Link maker

Shopify targets influencers with new link in bio tool Linkpop

E-commerce giant Shopify wants to take a growing share of online sales from social media stars with a new in-bio link tool called Linkpop.

Like other bio link services, Linkpop allows users to promote multiple links on a single page – a musician can promote links to their merchant site, YouTube channel and Spotify page, for example. However, what sets Linkpop apart from other in-bio link tools is that it’s designed from the ground up to promote purchases with as few clicks as possible. Linkpop users can promote a curated selection of Shopify products that visitors can buy directly without leaving the link page in the bio, instead of clicking on a separate link that takes them to Amazon or another e-commerce site.

Unveiled today, the tool is free for anyone, whether or not they’re a Shopify merchant. But buyable links are only available for Shopify merchants. By doing this, the hope is that ultimately Linkpop users will be incentivized to create a Shopify storefront, in order to gain access to checkout experiences.

Over the years, link-in-bio tools have become an essential part of social commerce in the United States. to promote multiple links to a person viewing one of their social media pages. One of the most notable link-in-bio startups, Linktree, recently secured a $1.3 billion valuation last year. As social media apps like TikTok drive a larger chunk of online sales, e-commerce players like Shopify see a growing opportunity in the link-in-bio space — even as social media sites look to create their own e-commerce tools.

“Linkpop allows marketers to store all of their brand building touchpoints in one place and sell directly from their link page in the bio, making it easier than ever to turn subscribers into buyers and advocates. brand,” Shopify Chief Product Officer Amir Kabbara wrote. in an email to Modern Retail. “Linkpop was created with commerce in mind, which means merchants and creators can use Linkpop to launch social storefronts on the platforms they already use to build followings.”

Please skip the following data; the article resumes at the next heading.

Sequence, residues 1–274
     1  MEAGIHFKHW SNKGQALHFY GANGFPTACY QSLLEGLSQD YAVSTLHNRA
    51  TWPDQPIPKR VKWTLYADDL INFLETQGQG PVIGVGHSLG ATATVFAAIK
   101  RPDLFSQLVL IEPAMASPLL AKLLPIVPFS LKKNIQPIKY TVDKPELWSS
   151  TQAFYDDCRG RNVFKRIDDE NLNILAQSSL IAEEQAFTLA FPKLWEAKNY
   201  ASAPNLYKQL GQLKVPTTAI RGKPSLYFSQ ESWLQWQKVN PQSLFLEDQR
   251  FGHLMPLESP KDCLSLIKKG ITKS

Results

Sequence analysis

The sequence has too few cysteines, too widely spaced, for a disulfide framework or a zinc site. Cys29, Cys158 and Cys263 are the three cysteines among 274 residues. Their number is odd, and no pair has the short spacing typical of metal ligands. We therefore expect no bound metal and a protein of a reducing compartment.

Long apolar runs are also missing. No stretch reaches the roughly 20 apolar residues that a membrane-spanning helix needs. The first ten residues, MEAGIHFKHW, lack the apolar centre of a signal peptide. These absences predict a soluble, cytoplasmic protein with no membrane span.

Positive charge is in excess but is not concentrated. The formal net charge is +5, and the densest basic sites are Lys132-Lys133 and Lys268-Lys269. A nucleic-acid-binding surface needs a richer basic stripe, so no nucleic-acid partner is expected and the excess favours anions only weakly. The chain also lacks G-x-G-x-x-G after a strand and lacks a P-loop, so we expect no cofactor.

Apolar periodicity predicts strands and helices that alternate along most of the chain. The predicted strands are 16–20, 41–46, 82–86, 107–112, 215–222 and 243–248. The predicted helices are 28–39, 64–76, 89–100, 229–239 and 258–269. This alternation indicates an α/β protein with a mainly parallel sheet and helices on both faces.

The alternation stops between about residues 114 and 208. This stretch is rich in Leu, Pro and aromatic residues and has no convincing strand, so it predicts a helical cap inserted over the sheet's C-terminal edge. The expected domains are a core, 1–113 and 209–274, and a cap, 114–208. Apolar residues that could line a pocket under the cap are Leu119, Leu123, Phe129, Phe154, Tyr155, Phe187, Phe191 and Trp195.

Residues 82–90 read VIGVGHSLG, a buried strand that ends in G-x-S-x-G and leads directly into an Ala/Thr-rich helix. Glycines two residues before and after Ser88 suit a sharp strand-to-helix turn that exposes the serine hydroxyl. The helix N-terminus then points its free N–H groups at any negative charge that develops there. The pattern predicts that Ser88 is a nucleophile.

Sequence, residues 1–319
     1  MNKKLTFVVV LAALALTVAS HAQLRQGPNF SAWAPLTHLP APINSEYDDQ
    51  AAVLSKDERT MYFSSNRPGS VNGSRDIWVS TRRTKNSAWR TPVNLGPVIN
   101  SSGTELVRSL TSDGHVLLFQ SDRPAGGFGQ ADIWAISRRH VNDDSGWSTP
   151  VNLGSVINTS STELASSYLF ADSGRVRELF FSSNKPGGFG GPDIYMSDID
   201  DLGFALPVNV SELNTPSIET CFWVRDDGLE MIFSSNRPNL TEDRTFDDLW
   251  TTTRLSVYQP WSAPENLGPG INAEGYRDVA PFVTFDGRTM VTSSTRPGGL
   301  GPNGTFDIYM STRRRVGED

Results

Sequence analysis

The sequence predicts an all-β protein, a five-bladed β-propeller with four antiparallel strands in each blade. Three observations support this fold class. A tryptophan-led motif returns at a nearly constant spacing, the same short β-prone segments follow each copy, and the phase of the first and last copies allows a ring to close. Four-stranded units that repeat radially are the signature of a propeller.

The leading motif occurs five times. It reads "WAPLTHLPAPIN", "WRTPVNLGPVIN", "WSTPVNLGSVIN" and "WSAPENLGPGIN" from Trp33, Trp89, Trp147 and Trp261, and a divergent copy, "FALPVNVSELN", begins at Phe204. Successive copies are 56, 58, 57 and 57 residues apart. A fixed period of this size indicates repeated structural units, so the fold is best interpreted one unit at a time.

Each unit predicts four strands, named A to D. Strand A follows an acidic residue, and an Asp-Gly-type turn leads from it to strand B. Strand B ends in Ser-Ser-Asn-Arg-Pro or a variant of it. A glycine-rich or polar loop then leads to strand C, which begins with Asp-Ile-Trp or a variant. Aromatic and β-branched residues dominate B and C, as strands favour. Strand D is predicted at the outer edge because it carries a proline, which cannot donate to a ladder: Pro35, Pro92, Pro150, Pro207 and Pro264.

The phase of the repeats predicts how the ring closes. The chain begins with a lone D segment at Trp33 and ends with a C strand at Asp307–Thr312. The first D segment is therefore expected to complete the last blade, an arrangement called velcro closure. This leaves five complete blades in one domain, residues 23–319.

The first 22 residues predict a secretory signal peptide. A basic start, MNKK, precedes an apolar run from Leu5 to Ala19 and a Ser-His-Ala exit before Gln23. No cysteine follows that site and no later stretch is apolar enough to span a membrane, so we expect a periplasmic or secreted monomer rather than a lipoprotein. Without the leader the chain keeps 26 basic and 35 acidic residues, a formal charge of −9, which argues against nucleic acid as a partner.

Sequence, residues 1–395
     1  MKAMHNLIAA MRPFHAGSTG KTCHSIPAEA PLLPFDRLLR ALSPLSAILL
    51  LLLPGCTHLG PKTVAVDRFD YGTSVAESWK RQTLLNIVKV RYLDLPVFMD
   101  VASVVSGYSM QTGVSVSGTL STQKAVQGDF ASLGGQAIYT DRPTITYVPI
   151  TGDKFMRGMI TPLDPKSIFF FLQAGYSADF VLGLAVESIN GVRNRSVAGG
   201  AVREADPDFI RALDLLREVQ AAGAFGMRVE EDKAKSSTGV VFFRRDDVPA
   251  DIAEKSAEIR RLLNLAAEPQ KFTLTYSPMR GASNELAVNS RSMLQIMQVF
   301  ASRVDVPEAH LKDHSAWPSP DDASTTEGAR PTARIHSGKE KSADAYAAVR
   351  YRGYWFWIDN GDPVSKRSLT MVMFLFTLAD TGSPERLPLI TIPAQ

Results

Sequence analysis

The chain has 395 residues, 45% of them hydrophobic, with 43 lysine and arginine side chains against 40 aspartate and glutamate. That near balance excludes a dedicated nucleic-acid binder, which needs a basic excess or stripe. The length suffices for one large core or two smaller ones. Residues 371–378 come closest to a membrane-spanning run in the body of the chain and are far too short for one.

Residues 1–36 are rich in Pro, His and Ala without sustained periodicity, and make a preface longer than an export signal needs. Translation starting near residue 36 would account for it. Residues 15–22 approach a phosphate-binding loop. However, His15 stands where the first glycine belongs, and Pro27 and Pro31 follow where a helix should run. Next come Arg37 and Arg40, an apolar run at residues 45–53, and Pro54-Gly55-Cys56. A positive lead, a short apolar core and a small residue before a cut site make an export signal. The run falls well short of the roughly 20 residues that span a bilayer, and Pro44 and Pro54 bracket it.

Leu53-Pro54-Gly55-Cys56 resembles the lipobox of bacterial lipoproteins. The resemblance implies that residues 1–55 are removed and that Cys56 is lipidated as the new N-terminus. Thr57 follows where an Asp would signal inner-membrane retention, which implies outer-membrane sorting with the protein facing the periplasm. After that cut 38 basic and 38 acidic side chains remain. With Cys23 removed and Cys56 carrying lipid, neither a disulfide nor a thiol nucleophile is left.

The link-in-bio space started, essentially, as a workaround. Instagram still does not allow users to add direct links to their posts. As Instagram has grown in popularity – with over 2 billion monthly active users – its lack of support for direct links has become a problem for people who have built large followings on Instagram and media sites. social networks, which then wanted to direct their users to several sites. .

Jason Goldberg, director of business strategy at Publicis, said that right now in-bio linking tools, at least in the United States, “are the most popular way, the most common way, to monetize traffic on social networks”. Linktree, the most popular of these sites, was founded in 2016 and now has over 12 million users. The company now counts mainstream celebrities such as Katy Perry and Selena Gomez among its many users.

Over the past two years, more attention has been paid to companies that create tools for people who make a living by developing content and building a suite of social media apps, often referred to as creators or influencers. The growing relevance of the so-called creator economy is underscored by companies in this sector announcing higher and higher valuations – Patreon, for example, achieved a $4 billion valuation last year after its launch in 2014. Similarly, more traditional B2B companies, like Shopify, have started releasing tools aimed directly at creators.

Indeed, apps like TikTok and Instagram are playing a bigger role in product discovery and helping businesses drive sales. In turn, business enterprises realize that they must respond to these ever-changing spending habits. The term “creator,” for example, has been used recently in Shopify’s earnings calls. factors, means there are “more sales opportunities for makers, creators, influencers and curators”.

Shopify has over a million merchants, which puts it in a good position to launch new commerce tools like a link-in-bio feature. However, Shopify – along with other in-bio link companies – face increased competition from the social media platforms themselves.

“All social platforms have major moves to become commerce platforms on purpose,” Goldberg said. Instagram launched an in-app payment feature called Instagram Checkout in 2019, while TikTok unveiled an in-app purchase feature in August. It’s worth noting that in many of these cases, like with TikTok, Shopify is one of the vendors helping to optimize the in-app shopping experience.

With that, as more social media apps invest in commerce, Goldberg said in-bio link tools “probably aren’t a long-term solution.” In the face of this existential threat, link-in-bio companies are trying to show each other off by adding unique features to get users to stick with them, even as they are increasingly courted to use Instagram or commerce tools. from TikTok. Link-in-bio company Koji, for example, added tools last year to help users set up a rudimentary storefront, while Linktree is looking to add more integrations for various commerce companies, announcing a partnership with custom t-shirt manufacturer Spring last summer. This latest Shopify tool will make the space even more competitive for these startups.

Kabbara declined to say in an email what new features Shopify would add to Linkpop over time, but that the company sees its role as “the commerce infrastructure for all creators.”

“At Shopify, we view creators as anyone who has amassed a passionate following that they inspire, inform, or entertain,” Kabbara wrote.